State-run NTPC Ltd has dropped its $1 billion (Rs4,613 crore) acquisition plans for a South African coal mining firm as it would have required another $500 million to set up washeries to process the fuel’s high sulphur content.
“We have dropped the plans due to high sulphur in the coal,” chairman and managing director R.S. Sharma said.
While NTPC’s plants are facing an acute coal shortage, the utility has not succeeded in any of its overseas plans to source either coal or natural gas even as it has cash reserves of Rs44,393 crore.
Mint had reported about Asia’s largest power utility’s acquisition plans on 15 September and concerns about sulphur content on 5 October.
“We are now looking at other opportunities,” Sharma said.
Fresh coal supplies are critical for NTPC as the fuel powers at least 80% of its installed capacity of 31,134MW. With around 67% of total power generation currently based on coal, the power sector is the largest consumer, absorbing nearly 78% of India’s coal production.
Some analysts said a growing concern for the environment may have also led NTPC to drop its plans. As the largest power producer in the country, NTPC is the biggest consumer of coal in India, but it will need to balance the country’s hunger for the fuel with environmental concerns.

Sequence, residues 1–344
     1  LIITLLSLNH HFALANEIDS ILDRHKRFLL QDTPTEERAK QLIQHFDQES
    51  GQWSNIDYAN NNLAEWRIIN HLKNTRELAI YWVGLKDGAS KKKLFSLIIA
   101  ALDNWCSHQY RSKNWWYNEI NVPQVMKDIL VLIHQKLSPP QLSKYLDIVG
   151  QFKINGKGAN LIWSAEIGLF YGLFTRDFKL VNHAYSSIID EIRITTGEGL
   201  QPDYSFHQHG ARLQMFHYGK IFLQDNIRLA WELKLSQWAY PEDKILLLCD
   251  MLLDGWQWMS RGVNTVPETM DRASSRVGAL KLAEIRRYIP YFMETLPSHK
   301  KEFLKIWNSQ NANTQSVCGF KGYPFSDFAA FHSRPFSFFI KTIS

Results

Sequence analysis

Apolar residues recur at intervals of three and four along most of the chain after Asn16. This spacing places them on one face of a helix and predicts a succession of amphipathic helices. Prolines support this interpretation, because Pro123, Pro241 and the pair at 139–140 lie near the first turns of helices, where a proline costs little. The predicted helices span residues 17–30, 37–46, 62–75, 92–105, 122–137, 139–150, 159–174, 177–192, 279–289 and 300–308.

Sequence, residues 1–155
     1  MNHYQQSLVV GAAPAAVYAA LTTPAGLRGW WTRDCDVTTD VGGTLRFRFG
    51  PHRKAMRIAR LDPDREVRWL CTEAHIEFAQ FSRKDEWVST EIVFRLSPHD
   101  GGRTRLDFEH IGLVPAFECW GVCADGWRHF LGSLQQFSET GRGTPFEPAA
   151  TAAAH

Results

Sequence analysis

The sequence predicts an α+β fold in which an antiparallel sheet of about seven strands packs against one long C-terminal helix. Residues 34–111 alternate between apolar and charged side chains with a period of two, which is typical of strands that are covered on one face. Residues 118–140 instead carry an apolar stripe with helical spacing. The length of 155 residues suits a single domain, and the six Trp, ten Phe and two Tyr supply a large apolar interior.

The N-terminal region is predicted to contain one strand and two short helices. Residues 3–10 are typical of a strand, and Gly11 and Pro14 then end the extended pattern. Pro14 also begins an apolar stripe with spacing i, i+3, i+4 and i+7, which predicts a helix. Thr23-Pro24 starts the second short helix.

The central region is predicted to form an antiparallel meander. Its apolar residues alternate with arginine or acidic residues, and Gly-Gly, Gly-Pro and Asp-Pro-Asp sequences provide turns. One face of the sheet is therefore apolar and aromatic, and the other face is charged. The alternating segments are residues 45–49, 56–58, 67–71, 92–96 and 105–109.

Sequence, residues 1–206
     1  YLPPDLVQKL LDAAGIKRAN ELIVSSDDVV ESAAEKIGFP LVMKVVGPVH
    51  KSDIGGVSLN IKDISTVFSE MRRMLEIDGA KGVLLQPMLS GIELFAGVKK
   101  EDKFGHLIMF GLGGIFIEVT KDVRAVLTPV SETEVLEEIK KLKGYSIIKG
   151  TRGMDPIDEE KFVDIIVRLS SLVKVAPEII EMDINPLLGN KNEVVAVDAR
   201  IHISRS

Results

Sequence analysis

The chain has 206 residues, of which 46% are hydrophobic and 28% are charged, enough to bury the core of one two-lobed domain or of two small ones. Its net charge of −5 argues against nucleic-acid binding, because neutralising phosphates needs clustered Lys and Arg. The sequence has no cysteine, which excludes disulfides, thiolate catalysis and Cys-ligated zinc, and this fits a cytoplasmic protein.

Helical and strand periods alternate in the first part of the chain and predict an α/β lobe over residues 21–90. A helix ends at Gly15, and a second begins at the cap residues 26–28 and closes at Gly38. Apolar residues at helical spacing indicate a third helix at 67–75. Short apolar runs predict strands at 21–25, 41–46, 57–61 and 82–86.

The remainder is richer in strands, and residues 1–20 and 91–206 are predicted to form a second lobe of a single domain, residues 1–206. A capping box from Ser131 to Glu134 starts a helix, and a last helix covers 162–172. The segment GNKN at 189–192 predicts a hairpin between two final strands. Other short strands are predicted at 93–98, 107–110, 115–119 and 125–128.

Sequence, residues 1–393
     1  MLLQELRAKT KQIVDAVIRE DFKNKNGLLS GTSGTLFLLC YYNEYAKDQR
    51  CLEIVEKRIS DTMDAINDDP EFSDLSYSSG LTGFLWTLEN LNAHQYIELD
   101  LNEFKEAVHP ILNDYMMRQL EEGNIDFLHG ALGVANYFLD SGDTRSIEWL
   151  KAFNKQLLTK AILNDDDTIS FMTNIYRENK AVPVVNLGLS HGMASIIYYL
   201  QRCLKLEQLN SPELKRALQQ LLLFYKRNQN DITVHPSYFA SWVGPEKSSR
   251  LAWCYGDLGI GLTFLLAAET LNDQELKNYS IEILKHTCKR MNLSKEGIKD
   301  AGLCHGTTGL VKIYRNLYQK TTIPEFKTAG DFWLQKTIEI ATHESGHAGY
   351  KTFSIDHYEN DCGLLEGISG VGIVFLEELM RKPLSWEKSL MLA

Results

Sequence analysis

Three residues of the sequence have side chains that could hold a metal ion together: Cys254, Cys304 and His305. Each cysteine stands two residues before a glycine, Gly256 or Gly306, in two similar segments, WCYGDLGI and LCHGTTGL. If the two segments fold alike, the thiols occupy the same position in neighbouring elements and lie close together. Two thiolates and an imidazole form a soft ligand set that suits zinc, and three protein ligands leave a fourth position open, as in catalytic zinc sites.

The Center for Global Development, a policy and research organization based in Washington, DC, had identified NTPC in 2008 as the third-largest polluter among the world’s power producers.
“Given the current concern on climate change, NTPC could have taken this decision. Even as the utility is also developing its own captive mines, its coal requirements are going to increase given its capacity addition plans,” said Rupesh Sankhe, an equity research analyst at Angel Broking Ltd.
In a related development, the utility plans to finalize its coal import policy by this month-end. As part of the policy, NTPC plans to directly import the coal it needs.
“We are discussing the long-term coal import policy. We plan to take it up for board’s approval shortly,” Sharma said. “This will form the basis of our coal imports.”
NTPC has postponed the 4 million tonnes (mt) imported coal tender till its coal import policy is finalized. The utility could reduce its coal import bill through direct imports that do not involve paying a commission to the trader.
This could mean proportionately lower power generation costs and, consequently, lower tariffs. NTPC has also started receiving coal with the execution of the controversial 12.5 mt coal import order by state-owned trader MMTC Ltd.
The utility requires 122.94 million tonnes per annum (mtpa) of coal and it expects this to grow further as a substantial portion of the capacity it is adding will be based on coal. The firm plans to have an installed capacity of 75,000MW by 2017.
NTPC returned a net profit of Rs7,827.4 crore on revenue of Rs42,182.4 crore in 2008-09.